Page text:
Jesus’ Return

Every serious student of the Bible knows that some statements in it can be taken literally at face value, and others have to be interpreted allegorically. Much of the disagreement over what the Bible really means comes from difference of opinion about which parts are factual and which are metaphorical. For example, everyone would agree that the statement, ‘The Lord is my rock’ (Psalm 18:2), is metaphorical. But what about the prophecy that the moon will turn to blood? (Joel 2:31).

About 350 years ago, Galileo was condemned for teaching that the earth orbits the sun. The inquisition claimed that the Bible teaches that the sun moves and the earth stands still. From their point of view, it seemed reasonable to take literally statements like, “The sun also rises, and the sun goes down, and hastens to the place where it arose” (Ecclesiastes 1:5). In this age of space shuttles we have a different perspective. We know that such statements were never intended to be taken literally.

Many people were waiting for Christ when He first came. Yet His coming was different from what most people expected. They thought He would be a glorious King—a military hero. They wanted Him to lead the armies of Israel into battles of victory and destruction, and to establish a new government with Israel in power. Compared to the hurricane they envisioned, however, His coming was like a gentle breath of fresh air. Many people living at the time did not even know that anything important had taken place. The reason people were mistaken about His coming is that they interpreted the prophecies in a very literal way.

Jesus showed that many of the prophecies about His coming were symbolic. For example, prophecy said Jesus would redeem the children of Israel, but He showed that the true Israelites are all the children of God who hear and obey His Word (John 8: 37-47; Matthew 3:9; Colossians 3:11; Galatians 3:28; Romans 3:29, 10:12). Or, as Paul said, “He is a Jew who is one inwardly, and circumcision is that of the heart, in the spirit, and not in the letter” (Romans 2:28, 29).

The Jews knew the Old Testament prophecy about Christ’s coming: “I will show wonders in the heaven and in the earth: blood and fire and pillars of smoke. The sun shall be turned into darkness, and the moon into blood, before the coming of the great and terrible day of the Lord” (Joel 2:30-31). Some who read these prophecies expected that there would be natural disasters and great political upheavals when Christ came. The Bible says that these prophecies were fulfilled when Christ came (Acts 2:14-21), but not in the dramatic way that people expected.

In place of a worldly kingdom and a physical battle, Jesus ruled a heavenly kingdom and fought a spiritual battle (John 6:15; Luke 22:49; Matthew 26:52). “My kingdom is not of this world,” He said. “If My kingdom were of this world, My servants would fight, so that I should not be delivered to the Jews; but now My kingdom is not from here” (John 18:36). Or, as Paul said later, “We do not wrestle against flesh and blood, but against principalities, and against powers, against the rulers of the darkness of this age, against spiritual hosts of wickedness in the heavenly places” (Ephesians 6:12). In each case, the Lord showed that prophecy is primarily concerned with spiritual events, not political ones.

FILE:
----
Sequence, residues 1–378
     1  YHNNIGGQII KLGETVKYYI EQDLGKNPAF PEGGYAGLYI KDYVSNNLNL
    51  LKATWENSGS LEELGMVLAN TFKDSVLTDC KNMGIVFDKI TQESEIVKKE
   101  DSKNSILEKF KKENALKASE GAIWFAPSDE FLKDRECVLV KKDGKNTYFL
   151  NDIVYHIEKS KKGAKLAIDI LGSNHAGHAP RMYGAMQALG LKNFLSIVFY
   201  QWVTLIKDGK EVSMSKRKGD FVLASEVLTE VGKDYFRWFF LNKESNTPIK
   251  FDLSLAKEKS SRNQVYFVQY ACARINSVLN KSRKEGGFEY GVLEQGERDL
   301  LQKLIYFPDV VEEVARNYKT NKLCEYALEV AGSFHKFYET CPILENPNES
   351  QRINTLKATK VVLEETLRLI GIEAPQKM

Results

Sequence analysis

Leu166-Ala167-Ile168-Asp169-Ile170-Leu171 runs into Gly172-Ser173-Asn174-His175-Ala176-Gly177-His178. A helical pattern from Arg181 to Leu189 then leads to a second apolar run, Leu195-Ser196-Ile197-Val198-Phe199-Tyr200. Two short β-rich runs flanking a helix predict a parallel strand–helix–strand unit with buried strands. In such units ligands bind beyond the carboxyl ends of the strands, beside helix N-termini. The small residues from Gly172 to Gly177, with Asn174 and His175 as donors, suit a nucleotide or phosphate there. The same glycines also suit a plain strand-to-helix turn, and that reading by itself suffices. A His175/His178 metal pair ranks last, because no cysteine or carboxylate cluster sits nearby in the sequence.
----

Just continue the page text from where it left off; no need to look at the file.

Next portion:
Jesus did little while He was on earth to change the natural order of things. Kingdoms have continued to rise and fall. There have still been wars, famines and plagues; births, marriages and deaths. But on a spiritual level, things were quite different. The power of hell had been overcome. A new era of spiritual freedom began.

Like the first coming of Christ, the second coming is primarily a spiritual event. We needn’t be looking for dramatic changes of government or climate, because the Lord’s kingdom is not a civil authority or a geographical location. His kingdom is concerned with the government of the human mind–with a life according to divine laws. The signs that He has come again should be the changes in our own hearts. “The kingdom of God does not come with observation; nor will they say, ‘See here!’ or ‘See there!’ For indeed, the kingdom of God is within you” (Luke 17:20,21).

When Jesus came on earth the first time, He changed the world with His truth. When Pilate asked Him what kind of king He was, He answered, “For this cause I was born, and for this cause I have come into the world, that I should bear witness to the truth” (John 19:37). His miracles healed a few people; His truth healed countless people. He said, “You shall know the truth, and the truth shall make you free” (John 8:31).

Jesus promised to give us still more truth—deeper truth—at His second coming. “These things I have spoken to you in figurative language; but the time is coming when I will not longer speak to you in figurative language, but I will tell you plainly of the Father” (John 16:25).

God is present everywhere. He is not limited by space. So we can’t really talk about Him “coming” or “going”. God didn’t come to earth, because He is everywhere. But Jesus was a manifestation of God and a revelation of His truth. Likewise, Jesus said that His second coming would be a manifestation of Himself and revelation of His truth. He said He would come as the Spirit of truth–the Helper or Comforter. “I still have many things to say to you, but you cannot bear them now. However, when He, the Spirit of truth, has come, He will guide you into all truth; for He will not speak on His own authority, but whatever He hears He will speak; and He will tell you things to come. He will glorify Me, for He will take of what is Mine and declare it to you” (John 16:12-14). “You know Him, for He dwells with you and will be in you. I will not leave you orphans; I will come to you” (John 14:15-18).